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Managing Your Type 2 Diabetes

There are several things you can do to help manage type 2 diabetes:
  • Meal planning and eating correctly are key components to managing blood glucose, blood pressure, and cholesterol levels. To plan meals and eat right, you need to understand how different foods affect your glucose levels. A good meal plan will take into account your food preferences, goals for weight control, and daily physical activity. Healthcare professionals can work with you to create a personalized meal plan.
  • Physical activity is important in dealing with type 2 diabetes. Taking part in a regular fitness program can improve blood glucose levels in older people with type 2 diabetes. A healthcare professional can help plan a physical activity program that is right for you.
  • Medications are also central to controlling type 2 diabetes for many people. Doctors may prescribe oral medicines (those taken by mouth), insulin, or a combination of both, as needed. People with type 2 diabetes may not need to take diabetes medications if they can reach glucose, blood pressure, and cholesterol goals through meal planning, eating the right foods, and physical activity.
  • Keeping track of how well your type 2 diabetes care plan is working is important. Check your blood glucose levels, and monitor your blood pressure and cholesterol levels.
  • Eye exams. People with type 2 diabetes should have an eye exam every year. Finding and treating eye problems early can help prevent more serious conditions later on.
  • Kidney check. A yearly urine test for a protein called albumin will show whether your kidneys are affected by type 2 diabetes.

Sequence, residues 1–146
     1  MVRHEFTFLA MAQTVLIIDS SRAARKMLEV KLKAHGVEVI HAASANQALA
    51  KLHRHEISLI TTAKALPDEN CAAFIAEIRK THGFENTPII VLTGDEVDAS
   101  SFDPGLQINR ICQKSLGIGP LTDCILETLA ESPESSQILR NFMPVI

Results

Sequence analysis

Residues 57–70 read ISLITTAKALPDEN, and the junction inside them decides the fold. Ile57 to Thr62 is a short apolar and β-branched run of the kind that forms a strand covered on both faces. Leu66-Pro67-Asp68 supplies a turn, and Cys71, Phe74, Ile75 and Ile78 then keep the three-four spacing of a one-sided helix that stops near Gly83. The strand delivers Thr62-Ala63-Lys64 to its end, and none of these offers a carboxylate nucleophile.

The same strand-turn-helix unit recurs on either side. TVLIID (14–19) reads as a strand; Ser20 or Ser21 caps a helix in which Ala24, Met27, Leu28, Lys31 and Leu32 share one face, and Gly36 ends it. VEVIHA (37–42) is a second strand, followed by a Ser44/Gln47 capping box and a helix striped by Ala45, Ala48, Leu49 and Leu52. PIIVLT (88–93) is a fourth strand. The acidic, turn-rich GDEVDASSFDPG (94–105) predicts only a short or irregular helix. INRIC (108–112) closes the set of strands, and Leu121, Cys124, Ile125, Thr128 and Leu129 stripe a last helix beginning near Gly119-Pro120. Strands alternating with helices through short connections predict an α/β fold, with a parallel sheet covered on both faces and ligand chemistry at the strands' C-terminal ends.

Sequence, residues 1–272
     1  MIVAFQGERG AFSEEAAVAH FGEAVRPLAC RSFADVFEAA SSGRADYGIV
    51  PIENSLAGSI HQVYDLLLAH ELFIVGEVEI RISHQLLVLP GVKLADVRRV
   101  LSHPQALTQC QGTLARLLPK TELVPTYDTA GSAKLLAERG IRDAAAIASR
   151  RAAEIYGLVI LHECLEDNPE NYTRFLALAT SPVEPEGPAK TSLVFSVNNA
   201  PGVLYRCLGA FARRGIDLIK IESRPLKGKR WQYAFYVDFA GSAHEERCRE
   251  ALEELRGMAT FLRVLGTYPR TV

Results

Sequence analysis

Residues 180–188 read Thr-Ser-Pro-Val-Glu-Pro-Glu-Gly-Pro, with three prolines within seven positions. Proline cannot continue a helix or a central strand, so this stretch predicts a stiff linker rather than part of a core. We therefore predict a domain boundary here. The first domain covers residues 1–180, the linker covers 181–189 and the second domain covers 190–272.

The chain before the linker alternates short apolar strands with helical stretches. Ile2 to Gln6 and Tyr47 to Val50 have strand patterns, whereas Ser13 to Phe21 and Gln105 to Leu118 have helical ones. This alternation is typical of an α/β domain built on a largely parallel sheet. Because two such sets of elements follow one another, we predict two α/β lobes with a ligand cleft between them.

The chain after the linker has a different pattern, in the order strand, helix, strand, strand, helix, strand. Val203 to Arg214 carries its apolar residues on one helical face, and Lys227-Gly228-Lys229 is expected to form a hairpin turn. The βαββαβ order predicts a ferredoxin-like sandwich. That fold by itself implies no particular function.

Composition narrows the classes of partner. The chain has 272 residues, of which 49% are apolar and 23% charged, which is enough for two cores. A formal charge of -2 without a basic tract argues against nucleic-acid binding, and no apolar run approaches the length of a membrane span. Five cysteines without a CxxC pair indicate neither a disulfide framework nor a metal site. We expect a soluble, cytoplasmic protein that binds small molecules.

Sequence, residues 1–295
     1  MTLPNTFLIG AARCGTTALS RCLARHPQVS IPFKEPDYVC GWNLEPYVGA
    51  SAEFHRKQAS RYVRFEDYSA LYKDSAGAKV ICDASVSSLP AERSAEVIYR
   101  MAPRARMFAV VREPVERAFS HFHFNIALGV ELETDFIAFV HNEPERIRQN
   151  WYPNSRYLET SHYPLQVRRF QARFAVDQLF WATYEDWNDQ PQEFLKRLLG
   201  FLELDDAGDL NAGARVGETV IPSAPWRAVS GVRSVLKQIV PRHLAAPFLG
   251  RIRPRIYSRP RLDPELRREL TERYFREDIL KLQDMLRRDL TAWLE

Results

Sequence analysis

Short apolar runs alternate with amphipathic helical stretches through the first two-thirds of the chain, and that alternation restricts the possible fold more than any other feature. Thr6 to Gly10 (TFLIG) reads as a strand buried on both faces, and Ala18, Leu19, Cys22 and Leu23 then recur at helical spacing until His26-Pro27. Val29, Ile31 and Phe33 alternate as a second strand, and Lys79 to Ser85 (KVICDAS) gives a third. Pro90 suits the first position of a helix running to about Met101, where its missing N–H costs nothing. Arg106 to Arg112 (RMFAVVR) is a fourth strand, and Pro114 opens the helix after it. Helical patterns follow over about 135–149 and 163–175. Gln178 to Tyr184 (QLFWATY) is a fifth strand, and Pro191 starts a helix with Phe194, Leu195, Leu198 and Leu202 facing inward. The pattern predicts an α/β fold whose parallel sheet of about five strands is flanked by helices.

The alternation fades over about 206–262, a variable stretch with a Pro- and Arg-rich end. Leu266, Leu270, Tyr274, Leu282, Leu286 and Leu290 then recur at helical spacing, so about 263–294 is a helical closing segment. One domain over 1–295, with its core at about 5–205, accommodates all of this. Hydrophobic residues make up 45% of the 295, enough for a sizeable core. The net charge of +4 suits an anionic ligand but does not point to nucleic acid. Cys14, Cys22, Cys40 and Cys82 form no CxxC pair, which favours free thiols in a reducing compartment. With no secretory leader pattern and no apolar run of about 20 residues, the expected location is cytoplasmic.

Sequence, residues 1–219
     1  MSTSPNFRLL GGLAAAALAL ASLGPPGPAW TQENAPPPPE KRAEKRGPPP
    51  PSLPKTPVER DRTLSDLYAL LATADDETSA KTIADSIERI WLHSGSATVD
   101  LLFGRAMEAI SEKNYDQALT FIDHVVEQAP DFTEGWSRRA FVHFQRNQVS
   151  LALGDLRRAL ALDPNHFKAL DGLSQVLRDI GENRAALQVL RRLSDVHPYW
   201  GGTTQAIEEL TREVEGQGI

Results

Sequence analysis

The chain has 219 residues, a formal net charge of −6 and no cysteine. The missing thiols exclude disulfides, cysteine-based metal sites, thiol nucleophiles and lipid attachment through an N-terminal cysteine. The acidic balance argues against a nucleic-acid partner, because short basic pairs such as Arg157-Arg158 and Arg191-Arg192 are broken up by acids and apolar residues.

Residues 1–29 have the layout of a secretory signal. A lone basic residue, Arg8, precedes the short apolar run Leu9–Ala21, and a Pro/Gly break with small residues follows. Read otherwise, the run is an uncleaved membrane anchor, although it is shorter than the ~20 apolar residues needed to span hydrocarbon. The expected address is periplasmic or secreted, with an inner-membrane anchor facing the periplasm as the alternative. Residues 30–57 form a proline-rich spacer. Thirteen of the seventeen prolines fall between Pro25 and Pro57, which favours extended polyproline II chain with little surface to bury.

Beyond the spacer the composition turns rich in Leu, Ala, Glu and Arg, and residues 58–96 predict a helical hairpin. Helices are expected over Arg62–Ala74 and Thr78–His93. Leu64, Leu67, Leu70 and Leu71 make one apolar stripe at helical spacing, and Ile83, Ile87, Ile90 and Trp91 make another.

• Foot care. Type 2 diabetes can reduce blood supply to arms and legs, and cause numbness in the feet. People with diabetes should check their feet every day and watch for any redness or patches of heat. Sores, blisters, breaks in the skin, infections, or build-up of calluses should be checked right away by a doctor specializing in diabetic foot care (a podiatrist) or a family doctor.
  • Skin care. People with type 2 diabetes can protect their skin by keeping it clean, using skin softeners to treat dryness, and taking care of minor cuts and bruises to prevent infections and other problems (see Diabetic Skin Care).
  • Care of teeth and gums. Working closely with a dentist is also important. Teeth and gums need special attention to avoid serious infections.
  • Flu shots and pneumonia vaccine. Getting a yearly flu shot and a pneumonia vaccine at least once will help keep people with type 2 diabetes healthy. If 5 years or more have passed since your last pneumonia shot, ask your doctor if you should be revaccinated.
Written by/reviewed by:
Last reviewed by: Arthur Schoenstadt, MD
Last updated/reviewed:
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